Learn About the Rich History of Our Local Bar and Restaurant

William Smith Reilly (Bill) opened the Hexagon in 1934 soon after the repeal of prohibition. The bar was headquartered in a building that was originally owned by Schlitz Brewing Co. The Hexagon was named for the six-sided wood bar that had a center island cooler with cash registers and liquor step-ups above it. It is hard to determine when the Hexagon began entertainment but somewhere in the forties is a good guess.

The stage was located in the southeast corner of the bar where the present-day pool tables reside. Singles or duos played from the small stage and patrons waltzed around the hexagon-shaped bar. In 1946, Bill Reilly retired and turned the Hexagon over to his son Jack Reilly and stepson Claude Hupp.

Hexagon Inc
Hexagon Inc

Between the late '50s and early '60s, a law was passed ruling out the ownership of bar buildings by breweries and the Hexagon building was purchased from Schlitz Brewing. Ever since, Schlitz beer has not been sold in the Hexagon (bad feelings for a bully landlord).

Hexagon Inc

In the early '60s, Claude expanded the Hexagon (without Jack's support) by adding twenty feet to the west end of the building now known as the ‘backroom.’ The stage moved from the front corner to the east wall of the back room but didn't increase much in size. The new room provided a separate entertainment area with a dedicated dance floor.

Jack passed away in the mid-sixties and Claude purchased Jack's half of the Hexagon from his heirs. Music to this point had been strictly on the weekends. In the ‘70s the Hexagon added Thursdays to its music calendar and Thursdays featured rock n' roll rather than the ‘Old Time Music’ that characterized the Hexagon prior. Somewhere in the '70s, music shifted from Old Time to Rock and Country. During the '70s, the stage moved to the south wall of the back room which allowed for four-piece bands.

Hexagon Inc

Around 1978, the front bar was remodeled, the room was gutted and the classic hexagon (hard to work) bar was replaced by a modern two-sided long bar, adding efficiency and saving space while seating as many patrons as possible. Hexagon shaped tables, light fixtures, and accents were added to maintain the namesake.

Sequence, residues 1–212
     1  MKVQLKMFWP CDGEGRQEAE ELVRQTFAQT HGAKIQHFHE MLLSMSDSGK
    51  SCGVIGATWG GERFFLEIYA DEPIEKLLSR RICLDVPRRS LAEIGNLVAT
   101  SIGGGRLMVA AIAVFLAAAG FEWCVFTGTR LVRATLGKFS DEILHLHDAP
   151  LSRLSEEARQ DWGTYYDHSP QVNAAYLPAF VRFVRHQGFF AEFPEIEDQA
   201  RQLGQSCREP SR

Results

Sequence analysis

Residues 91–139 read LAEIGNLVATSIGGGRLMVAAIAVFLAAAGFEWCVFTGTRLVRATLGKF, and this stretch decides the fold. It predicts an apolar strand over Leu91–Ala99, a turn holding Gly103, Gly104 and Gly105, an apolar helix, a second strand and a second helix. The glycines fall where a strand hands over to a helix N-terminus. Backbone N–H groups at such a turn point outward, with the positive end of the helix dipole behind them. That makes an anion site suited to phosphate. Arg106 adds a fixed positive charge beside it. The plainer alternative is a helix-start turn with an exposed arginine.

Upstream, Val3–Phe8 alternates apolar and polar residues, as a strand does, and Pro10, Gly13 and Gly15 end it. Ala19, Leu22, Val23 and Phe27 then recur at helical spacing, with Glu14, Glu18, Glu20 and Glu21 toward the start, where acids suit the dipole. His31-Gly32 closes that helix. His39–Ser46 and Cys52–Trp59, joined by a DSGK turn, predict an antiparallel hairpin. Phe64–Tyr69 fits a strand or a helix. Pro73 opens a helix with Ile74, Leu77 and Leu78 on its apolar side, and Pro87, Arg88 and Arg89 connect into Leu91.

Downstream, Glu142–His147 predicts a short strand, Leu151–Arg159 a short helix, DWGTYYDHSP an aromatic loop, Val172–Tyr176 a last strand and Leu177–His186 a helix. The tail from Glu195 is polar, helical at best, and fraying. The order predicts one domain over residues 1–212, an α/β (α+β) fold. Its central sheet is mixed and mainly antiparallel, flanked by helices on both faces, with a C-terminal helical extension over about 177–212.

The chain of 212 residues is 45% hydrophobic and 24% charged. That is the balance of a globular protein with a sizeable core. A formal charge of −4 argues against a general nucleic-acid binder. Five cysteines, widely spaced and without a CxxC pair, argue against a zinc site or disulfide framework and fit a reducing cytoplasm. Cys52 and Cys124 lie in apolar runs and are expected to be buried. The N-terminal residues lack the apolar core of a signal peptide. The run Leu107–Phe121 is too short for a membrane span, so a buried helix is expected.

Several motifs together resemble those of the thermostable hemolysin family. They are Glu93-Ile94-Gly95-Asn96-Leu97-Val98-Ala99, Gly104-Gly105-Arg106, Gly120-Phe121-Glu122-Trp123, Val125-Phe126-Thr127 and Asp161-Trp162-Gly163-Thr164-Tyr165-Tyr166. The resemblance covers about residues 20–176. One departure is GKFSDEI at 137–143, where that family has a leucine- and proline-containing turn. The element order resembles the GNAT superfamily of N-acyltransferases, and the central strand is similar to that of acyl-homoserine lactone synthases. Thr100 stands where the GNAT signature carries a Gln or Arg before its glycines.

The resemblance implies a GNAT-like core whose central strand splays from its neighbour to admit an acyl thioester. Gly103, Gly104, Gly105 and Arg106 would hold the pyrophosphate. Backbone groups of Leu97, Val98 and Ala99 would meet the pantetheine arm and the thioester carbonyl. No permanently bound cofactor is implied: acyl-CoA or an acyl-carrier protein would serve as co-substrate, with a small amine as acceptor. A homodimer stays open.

Auralea Hupp

Claude passed away in February 1985 and was succeeded at the helm of the Hexagon by his wife, Auralea. During this time the stage was again expanded to accommodate larger bands.

In the late '90s, Hexagon experimented with a Country Jam that fizzled once and came back as a feature that lasted over eight years and spawned the current music scene at the Hexagon. The Jam was anchored by guitarist Dan Gaarder (Trailer Trash) and drummer Keelee Lane (Trailer Trash). Again, the Hexagon wanted to do something on Thursday night, and Keelee was also in a garage/basement cover-rock band that took over Thursday. Keelee (Trailer Trash) was joined on stage by Jay Holgate (Stingray Green), Dan Boardman (Stingray Green) and Rosie on keyboards.

The group was characterized by a “try any song, finish few, and louder is better” attitude. Keelee dubbed the group Rhombus Room playing off the geometric name of the bar. Their self-appointed name, the HEX OFFENDERS stemmed from an ongoing feud with Hex staff and old-timers.

Jay Holgate

Jay Holgate morphed into a guidance counselor for the current Hexagon by contributing ideas and know-how to update the music side of the bar. His idea for a corner stage as well as his expertise in assembling and constructing the current sound system and pointing out Chris Dorn to book the new format was monumental. After a spotty start Dorn moved the Hexagon toward his image of the perfect hip/dive/indie/musicians bar.


Chris managed the talent and show portion of Hexagon with a style and creative imagination that put him among the best upper Midwest promoters. Auralea passed away in 2003 and was succeeded by her son, Bob Hupp who had managed and worked the bar for several years.

Then in October of 2008 Bill Hupp, Claude and Auralea's youngest son purchased the bar and carried on from there. Bill had managed and worked with his father Claude for several years earlier. Claude had turned over-nightly the management responsibilities to Bill from September of 1972 through the completion of the complete remodel of the front bar in late 1978. This is when Bill had taken on a position for Kraus Anderson Company Managing one of their large 32-lane nightclub/bowling centers in Brooklyn Park, MN.

Chris stepped down in 2006 to pursue his musical career and has been succeeded by Brian McDonough, Jacob Grun, and Bob Flom. Tom Hupp Sr. was a weekend manager of Hexagon from 1960 to his death in June 2001.